Cotton, wheat, and soybeans are the leading U.S. agriculture exports to Indonesia. Indonesia is the fourth largest importer of cotton from the United States. Local production meets only one percent of total demand from the textile and textile products industry. Marketing Year (MY) 2008/09 Indonesia cotton imports are expected to slightly decrease to 2.1 million bales. Despite the high price of U.S. cotton compared to cotton from other suppliers, the United States continues to hold the largest market share in Indonesian cotton imports with a 42 percent share.
Indonesia is the world’s second-largest consumer of soybeans for food. Per capita consumption of soybeans, primarily in the form of tofu and tempe, is 10 kilograms annually and it will continue growing in line with the population growth. Therefore, soybean imports are forecast to grow to about 1.3 million tons in MY 2008/09. Tempe and tofu manufacturers continue to prefer U.S. soybeans over other suppliers, with U.S. market share at about 80 percent. However, this share is down from above 95 percent in recent years, as imports from South America continue to slowly erode U.S. dominance in the market.
Consumer Ready Food Products
The expansion of modern retail outlets in major urban areas throughout Indonesia, such as hypermarkets, supermarkets, and mini markets that have refrigeration and storage facilities provides good prospects for imported U.S. consumer-ready food products. The growth of franchise restaurants such as fast food, casual dining café’s, international and family style restaurants (specializing in Western and other non-Indonesian foods), food courts, as well as four and five-star hotels catering to the tourist industry also increase demand for imported food products. The introduction of new food products produced domestically, aggressive promotional activities, growth of modern retail outlets, customer sophistication, and growing health consciousness has driven the growth of the food-processing sector. This progress provides a potential market for U.S. food and agricultural ingredients, especially dairy products.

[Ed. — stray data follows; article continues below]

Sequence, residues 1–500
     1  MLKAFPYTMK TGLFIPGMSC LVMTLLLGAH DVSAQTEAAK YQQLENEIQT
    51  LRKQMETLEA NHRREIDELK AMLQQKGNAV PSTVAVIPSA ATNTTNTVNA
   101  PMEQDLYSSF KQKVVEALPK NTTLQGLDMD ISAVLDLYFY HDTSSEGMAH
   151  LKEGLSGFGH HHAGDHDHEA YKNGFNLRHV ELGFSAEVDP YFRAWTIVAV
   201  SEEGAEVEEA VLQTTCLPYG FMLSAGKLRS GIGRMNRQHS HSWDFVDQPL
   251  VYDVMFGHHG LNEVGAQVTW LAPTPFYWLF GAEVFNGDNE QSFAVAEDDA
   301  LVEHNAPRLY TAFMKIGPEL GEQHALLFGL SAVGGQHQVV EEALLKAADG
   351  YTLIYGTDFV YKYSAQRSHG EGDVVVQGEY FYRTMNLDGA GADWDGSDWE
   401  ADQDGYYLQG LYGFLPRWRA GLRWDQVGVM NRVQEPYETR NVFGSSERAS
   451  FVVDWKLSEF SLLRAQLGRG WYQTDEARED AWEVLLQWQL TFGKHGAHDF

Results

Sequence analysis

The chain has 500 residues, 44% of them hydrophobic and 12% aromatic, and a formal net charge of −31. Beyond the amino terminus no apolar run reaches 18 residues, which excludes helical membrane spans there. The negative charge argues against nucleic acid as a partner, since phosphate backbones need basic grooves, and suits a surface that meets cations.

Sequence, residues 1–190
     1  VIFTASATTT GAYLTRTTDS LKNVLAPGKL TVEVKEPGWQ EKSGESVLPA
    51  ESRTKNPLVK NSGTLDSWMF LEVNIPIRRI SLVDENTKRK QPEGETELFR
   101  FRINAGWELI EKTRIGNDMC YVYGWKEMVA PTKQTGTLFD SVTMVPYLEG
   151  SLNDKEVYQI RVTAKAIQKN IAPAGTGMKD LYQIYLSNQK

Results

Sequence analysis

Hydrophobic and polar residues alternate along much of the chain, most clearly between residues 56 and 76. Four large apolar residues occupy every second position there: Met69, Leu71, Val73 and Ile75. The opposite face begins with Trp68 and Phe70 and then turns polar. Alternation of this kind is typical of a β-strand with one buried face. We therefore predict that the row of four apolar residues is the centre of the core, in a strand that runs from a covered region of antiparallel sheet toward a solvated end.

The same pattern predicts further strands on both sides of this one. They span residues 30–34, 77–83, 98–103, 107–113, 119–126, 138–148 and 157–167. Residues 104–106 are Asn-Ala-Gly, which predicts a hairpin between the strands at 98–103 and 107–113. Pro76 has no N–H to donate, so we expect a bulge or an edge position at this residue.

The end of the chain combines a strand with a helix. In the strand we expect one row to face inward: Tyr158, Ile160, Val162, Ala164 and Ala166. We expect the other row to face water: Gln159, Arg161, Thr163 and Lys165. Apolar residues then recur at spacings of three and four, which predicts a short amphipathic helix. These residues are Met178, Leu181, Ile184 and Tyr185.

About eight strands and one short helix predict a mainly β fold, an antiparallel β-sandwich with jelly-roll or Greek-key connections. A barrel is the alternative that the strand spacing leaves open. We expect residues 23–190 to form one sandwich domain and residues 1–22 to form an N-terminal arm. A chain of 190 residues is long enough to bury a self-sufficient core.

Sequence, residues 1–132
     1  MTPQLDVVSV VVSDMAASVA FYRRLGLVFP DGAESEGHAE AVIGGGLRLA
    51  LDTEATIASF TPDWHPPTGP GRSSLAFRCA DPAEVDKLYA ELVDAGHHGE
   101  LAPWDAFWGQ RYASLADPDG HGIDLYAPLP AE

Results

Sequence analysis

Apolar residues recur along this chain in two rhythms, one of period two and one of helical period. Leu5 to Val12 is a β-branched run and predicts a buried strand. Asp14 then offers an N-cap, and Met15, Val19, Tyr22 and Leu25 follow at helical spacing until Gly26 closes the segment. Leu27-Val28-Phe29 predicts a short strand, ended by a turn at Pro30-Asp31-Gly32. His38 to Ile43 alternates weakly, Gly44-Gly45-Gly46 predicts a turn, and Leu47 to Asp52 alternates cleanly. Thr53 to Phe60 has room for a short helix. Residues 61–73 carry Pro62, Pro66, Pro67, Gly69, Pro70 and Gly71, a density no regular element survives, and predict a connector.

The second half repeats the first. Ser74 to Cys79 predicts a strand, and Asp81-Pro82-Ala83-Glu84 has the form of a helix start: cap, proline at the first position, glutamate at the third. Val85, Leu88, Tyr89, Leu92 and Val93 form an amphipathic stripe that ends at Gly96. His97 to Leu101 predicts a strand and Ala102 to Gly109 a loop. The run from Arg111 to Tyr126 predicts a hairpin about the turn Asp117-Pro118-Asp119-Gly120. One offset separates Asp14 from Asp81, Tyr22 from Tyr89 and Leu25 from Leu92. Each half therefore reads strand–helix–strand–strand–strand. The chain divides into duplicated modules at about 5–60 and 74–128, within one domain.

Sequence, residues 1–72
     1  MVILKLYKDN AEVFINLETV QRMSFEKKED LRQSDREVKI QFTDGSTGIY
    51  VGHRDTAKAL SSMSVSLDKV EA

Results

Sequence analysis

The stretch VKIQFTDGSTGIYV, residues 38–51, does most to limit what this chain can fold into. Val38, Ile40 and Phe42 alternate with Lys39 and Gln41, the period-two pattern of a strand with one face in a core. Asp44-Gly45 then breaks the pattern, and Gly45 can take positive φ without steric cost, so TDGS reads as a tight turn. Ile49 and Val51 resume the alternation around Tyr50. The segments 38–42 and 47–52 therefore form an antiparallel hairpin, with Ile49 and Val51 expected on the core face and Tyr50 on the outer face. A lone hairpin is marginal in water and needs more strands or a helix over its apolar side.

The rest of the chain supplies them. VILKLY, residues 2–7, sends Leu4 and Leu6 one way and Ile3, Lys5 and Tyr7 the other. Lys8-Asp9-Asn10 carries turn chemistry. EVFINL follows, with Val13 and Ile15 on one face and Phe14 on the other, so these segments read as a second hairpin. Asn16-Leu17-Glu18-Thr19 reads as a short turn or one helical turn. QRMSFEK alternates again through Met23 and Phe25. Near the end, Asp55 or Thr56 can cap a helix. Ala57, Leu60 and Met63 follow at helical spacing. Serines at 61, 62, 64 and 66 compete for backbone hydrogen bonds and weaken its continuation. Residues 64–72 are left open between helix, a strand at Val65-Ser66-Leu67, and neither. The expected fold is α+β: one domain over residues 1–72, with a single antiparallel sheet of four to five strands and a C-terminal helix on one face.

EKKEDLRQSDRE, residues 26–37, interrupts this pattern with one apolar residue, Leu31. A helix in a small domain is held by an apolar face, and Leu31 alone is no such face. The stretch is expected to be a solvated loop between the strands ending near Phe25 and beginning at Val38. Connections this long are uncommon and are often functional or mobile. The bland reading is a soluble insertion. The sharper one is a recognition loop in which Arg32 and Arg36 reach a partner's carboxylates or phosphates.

More consumers are expected to make purchasing decisions based on health and wellness concerns. Dairy and fresh fruit products are considered healthy. Dairy products used as an ingredient for baby foods and toddler milk formulas lead this category. Snacking is a part of the Indonesian culture. With exposure to western-style foods and increases in snacking, U.S. snack food exports to Indonesia are expected to continue increasing.
Despite the Australian dominance in the Indonesian wheat market, the severe drought that has hit Australia since 2006 has provided more opportunity for the United States to increase its wheat exports to Indonesia. Development and diversification in the bakery sector will continue to fuel demand for wheat-based products. The noodle industry contributes to 50 percent of overall Indonesia wheat flour consumption followed by the bakery industry (25 percent), biscuit (15 percent), fried meals (five percent), and household use (five percent).